Dr. Gladd pointed out that Fullscript already has over 20 EHR partners, with more in the works. EHRs, he says, are “where clinical decisions get made. That’s where the treatment plans are created. So, we want to live there. We’re not trying to be another window that practitioners have to open on their screens. We want to be inside that first window.”
Practitioners who have Fullscript built into EHR workflows use the system almost 40% more frequently than they did before. “It’s because we’re right there, top of mind,” says Braatz, adding that the company has invested heavily in its Application Programming Interface (API) and recently launched a fullscript.dev site to make it easy for EHR developers and programmers to incorporate Fullscript into their systems.
Telemedicine is also on the minds of the executive team. The Covid pandemic sparked spectacular growth in remote visits, and though utilization has tapered from its mid-pandemic peak, there’s no question that teleconsults have become standard practice.
Fullscript did not have any direct telehealth integrations at the time of the acquisition, but Emerson’s Wellevate platform does have a telemedicine partnership. Moving forward, Fullscript’s leaders envision growth into telemed by making it as easy as possible for existing platforms to integrate Fullscript, rather than by trying to build teleconsult capabilities directly into the Fullscript system.
An Eye on the Mainstream
While fully committed to serving Fullscript’s core of naturopathic and functional medicine practitioners, the executive team intends to grow the company into the medical mainstream.
Braatz points out that Fullscript has already made inroads within major hospital systems. But typically it has been siloed in the integrative clinics of those hospitals, somewhat isolated from the broader clinical networks. He wants to break through those constraints. The good news, he says, is the groundwork has already been laid.
“We’ve also gone through all of the contracting, the security assessments, the privacy assessments, the sign-offs from the CEO. When it does come to the expansion, we’re really well-positioned to do that.”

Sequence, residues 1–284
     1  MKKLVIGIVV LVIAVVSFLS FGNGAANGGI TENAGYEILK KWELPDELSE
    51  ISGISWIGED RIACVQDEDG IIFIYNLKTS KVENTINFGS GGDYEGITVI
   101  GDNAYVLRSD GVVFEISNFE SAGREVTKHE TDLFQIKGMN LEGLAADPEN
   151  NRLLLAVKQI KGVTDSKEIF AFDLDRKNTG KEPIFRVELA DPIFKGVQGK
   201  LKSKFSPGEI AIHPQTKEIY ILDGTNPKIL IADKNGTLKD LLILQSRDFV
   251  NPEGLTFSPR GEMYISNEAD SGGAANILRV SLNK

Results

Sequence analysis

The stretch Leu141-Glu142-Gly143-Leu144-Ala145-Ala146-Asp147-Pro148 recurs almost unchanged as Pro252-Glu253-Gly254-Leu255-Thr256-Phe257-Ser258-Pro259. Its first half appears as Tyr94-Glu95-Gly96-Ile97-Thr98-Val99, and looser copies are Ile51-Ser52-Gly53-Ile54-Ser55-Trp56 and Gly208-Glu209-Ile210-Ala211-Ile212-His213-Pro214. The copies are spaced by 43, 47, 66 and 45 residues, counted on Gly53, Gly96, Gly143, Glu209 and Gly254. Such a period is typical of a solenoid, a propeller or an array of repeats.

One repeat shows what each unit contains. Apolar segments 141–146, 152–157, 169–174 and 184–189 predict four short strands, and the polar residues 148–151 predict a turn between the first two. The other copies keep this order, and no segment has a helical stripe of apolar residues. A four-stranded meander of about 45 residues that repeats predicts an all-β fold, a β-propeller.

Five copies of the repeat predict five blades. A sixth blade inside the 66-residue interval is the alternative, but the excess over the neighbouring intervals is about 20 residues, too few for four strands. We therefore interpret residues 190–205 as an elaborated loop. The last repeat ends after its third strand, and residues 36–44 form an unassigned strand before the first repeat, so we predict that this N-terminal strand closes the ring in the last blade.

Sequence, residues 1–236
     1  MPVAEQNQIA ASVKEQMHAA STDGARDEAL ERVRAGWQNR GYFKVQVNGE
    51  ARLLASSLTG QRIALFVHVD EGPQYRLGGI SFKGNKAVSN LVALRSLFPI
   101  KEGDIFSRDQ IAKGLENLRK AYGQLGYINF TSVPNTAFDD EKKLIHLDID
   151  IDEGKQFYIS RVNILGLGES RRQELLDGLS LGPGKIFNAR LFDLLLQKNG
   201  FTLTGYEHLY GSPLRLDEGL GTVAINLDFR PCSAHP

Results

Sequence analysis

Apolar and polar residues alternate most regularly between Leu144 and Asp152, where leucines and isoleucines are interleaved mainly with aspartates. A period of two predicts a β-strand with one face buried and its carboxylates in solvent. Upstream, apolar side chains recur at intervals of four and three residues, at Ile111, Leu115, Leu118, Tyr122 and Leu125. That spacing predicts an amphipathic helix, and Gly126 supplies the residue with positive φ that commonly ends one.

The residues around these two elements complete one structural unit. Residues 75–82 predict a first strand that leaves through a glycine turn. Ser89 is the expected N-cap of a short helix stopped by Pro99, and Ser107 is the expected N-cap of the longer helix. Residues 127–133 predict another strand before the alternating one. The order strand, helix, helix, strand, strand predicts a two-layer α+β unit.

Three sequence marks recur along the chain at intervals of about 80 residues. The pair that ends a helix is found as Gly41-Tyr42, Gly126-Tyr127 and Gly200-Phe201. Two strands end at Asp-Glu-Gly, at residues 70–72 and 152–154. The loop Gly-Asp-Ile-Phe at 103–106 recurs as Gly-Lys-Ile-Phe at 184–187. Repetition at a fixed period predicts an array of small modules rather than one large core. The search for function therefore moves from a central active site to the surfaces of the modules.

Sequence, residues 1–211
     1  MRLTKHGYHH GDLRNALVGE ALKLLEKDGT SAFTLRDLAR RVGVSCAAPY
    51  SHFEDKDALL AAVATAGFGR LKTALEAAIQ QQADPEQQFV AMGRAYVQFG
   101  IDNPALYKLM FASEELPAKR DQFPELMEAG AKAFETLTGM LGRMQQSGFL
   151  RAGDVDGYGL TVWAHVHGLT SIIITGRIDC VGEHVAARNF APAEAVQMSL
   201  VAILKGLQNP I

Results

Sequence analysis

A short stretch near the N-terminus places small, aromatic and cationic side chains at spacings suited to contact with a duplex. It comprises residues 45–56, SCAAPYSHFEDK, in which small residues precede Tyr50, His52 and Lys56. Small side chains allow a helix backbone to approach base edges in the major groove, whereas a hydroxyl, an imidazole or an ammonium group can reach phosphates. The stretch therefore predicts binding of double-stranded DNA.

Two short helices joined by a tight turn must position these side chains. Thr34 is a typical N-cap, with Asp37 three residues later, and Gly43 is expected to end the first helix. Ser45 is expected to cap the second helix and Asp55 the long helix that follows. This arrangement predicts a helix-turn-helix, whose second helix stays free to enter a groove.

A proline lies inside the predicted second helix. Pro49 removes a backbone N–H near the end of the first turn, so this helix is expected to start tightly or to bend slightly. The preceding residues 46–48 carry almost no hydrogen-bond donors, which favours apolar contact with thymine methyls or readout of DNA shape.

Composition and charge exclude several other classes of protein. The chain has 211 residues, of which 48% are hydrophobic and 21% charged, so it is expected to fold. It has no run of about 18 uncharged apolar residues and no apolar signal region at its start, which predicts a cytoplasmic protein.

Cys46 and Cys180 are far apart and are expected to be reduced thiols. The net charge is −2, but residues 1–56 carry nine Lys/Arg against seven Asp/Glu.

Gladd sees growing interest within hospital systems. “They want a couple of things: First, they want some basic education and evidence base for making supplement recommendations. We have that, and we’re building it to make it even more reachable for those practitioners who are just starting. Second, this has to be integrated into the workflow. So that’s why we’re working on building interfaces toward the bigger EHRs.”
A Win for Clinicians
The fusion of Fullscript and Emerson will be a big win for clinicians and their patients, predicts Paul Mittman, ND, President of Southwest College of Naturopathic Medicine.
“The naturopathic community has close ties to both companies. Many prominent naturopaths have worked at or represented both, and both companies have done so much for the profession,” he told Holistic Primary Care. “The core values and missions are so strong and aligned. The merger will mean everyone will be better served.”
Mittman has had extensive experience with each company. When he was practicing in Connecticut in the early 1990s, he used Emerson to stock his medicinary. Throughout his tenure at SCNM, Natural Partners which then became Fullscript has been a steady presence at the school.
Mittman says online dispensing is “strong and only going to grow” in the coming years. “We do have a brick and mortar medicinary at the SCNM clinic, but in-person sales have dropped in recent years, especially since the pandemic. Sales via the school’s ShopSCNM.com website have increased.” That store is powered by Fullscript.
Does Merger Mean Monopoly?
The Fullscript-Emerson fusion will no doubt have significant impact on supplement brands. Both companies make money by purchasing products from the supplement companies at a substantial discount. Fullscript’s acquisition of Emerson consolidates the market, and concentrates a lot of bargaining power into the new entity.